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Tips for buying a home from a real estate agent: Check out this room first!

By Laura Kapp

October 2018
The house was perfect: cathedral ceilings, soft gray walls, shiny granite countertops and wood floors. But Robyn Booth, real estate agent, dragged her buyers past all that to the basement.  

“I don’t want them to fall in love with the kitchen and then we find out the foundation is cracked! We always check out the basement first. A crack in the wall or a puddle on the floor reveals this house has some issues,” she explained.

What to look for

Realtor Robin Booth

Robyn has been a real estate agent with Vesta Advisors in Wauwatosa, Wisconsin for 3 years and an appraiser with the City of Milwaukee before that. She knows and understands what makes a home worth the asking price. 

She gives the following tips for buying a home:

  1. Always check the basement first. Don’t even go in the kitchen! Check for water on the floor, cracks in the wall or floor, musty odors and leaks. Foundation repairs can cost $10,000 to $60,000 or more.
  2. Consider the condition of the roof. Replacing a roof is a big-ticket item. Missing shingles and discoloration could indicate that a new roof is needed.
  3. Landscaping is another surprisingly big expense, especially if grading is needed to slope water drainage away from the house. Overgrown trees, shrubs and weeds are costly to remove, trim and replace.
  4. Open and shut the windows. Are the windows painted shut? Or are they foggy? That could mean the seal in those double pane windows is broken or defective. Picture windows and bay windows can cost thousands of dollars to replace.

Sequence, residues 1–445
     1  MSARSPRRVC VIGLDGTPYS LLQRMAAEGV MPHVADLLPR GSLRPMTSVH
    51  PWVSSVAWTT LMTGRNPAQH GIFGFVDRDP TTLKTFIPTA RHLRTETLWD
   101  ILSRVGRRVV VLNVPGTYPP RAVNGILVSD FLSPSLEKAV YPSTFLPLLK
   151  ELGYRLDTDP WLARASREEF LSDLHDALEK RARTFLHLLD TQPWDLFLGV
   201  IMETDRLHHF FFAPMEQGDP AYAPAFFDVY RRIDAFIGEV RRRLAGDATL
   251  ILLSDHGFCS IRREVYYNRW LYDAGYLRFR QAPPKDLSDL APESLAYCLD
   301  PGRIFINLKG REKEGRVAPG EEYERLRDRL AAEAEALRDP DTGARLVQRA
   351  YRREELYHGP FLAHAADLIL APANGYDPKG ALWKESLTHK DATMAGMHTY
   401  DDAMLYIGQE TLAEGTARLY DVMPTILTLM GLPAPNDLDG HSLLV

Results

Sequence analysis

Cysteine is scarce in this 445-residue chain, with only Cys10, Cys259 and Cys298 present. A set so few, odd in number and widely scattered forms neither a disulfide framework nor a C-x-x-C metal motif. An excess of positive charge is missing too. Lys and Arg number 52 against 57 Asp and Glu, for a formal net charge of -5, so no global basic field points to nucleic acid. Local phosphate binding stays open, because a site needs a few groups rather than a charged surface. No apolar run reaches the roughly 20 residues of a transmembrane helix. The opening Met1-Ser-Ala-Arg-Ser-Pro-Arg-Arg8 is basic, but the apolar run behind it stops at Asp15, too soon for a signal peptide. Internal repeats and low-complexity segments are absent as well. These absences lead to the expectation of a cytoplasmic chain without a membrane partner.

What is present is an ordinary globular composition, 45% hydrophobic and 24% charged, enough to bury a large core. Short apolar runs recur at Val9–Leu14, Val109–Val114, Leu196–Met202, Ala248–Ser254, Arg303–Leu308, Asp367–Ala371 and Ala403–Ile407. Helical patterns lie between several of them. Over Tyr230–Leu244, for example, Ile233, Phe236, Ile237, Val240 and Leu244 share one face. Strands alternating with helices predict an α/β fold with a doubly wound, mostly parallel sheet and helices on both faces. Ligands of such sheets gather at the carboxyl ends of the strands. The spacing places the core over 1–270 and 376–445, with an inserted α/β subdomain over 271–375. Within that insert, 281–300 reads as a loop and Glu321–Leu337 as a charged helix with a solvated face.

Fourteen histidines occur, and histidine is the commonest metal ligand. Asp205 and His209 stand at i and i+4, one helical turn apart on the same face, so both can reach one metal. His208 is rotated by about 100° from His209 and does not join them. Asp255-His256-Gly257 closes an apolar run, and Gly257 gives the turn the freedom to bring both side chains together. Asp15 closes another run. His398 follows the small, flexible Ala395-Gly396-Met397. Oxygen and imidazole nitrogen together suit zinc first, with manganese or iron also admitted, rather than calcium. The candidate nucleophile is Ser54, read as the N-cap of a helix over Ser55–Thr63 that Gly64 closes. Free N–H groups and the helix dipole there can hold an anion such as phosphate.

5. Flush the toilets and turn on the shower. Slow draining sinks or toilets that overflow indicate plumbing problems, which are costly to fix. Robyn said one recent home promoted a huge spa tub that was filled via one tiny pipe. “The water would have been cold by the time enough water dripped into the tub. Plus, their water heater was only 40 gallons and couldn’t heat enough water at a time to fill the tub. It was one of those things that looks good on paper but was impractical in reality,” Robyn said.
  6. Don’t get all romantic about a fixer-upper, especially if this is your first home. Those HGTV shows make it look a lot easier than it is. “I tried really hard to convince one couple that the old farmhouse was going to be a lot of trouble. They didn’t listen to me and now they are living in a hotel because they can’t live in their “new” home. They encountered so many unexpected problems during the renovation that they ran out of money to get it finished!” Robyn said.
  7. On the other hand, how handy are you? Robyn gets to know her buyers so she can show them homes that fit not only their budget but their lifestyle. For instance, she knew that one couple would be perfectly comfortable fixing up a house with an outdated 1970s kitchen because they both worked in the building industry. Either they could fix it themselves or they were connected to people who could.

Understand what you’re getting into

Basement, roof and landscaping issues can be fixed, but Robyn really wants her clients to know and understand the costs in both money and time before they make an offer. In a tight market, sellers don’t always have to make concessions to fix anything because buyers are often willing to buy a house “as is.”  

“But this is one of the biggest expenditures most of us make, so I want my clients to be know exactly what to expect. I never steer them away if they really want to buy a house, I just enlighten them as to what they are buying,” Robyn said.  

Joshua Nguyen

Very helpful.

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Laura Kapp is the former creative director of the writing and design team at MGIC. Now she works from her 1958-ranch-style home, accompanied by dust bunnies. Her messy home office proves the saying, “Creative minds are rarely tidy.”
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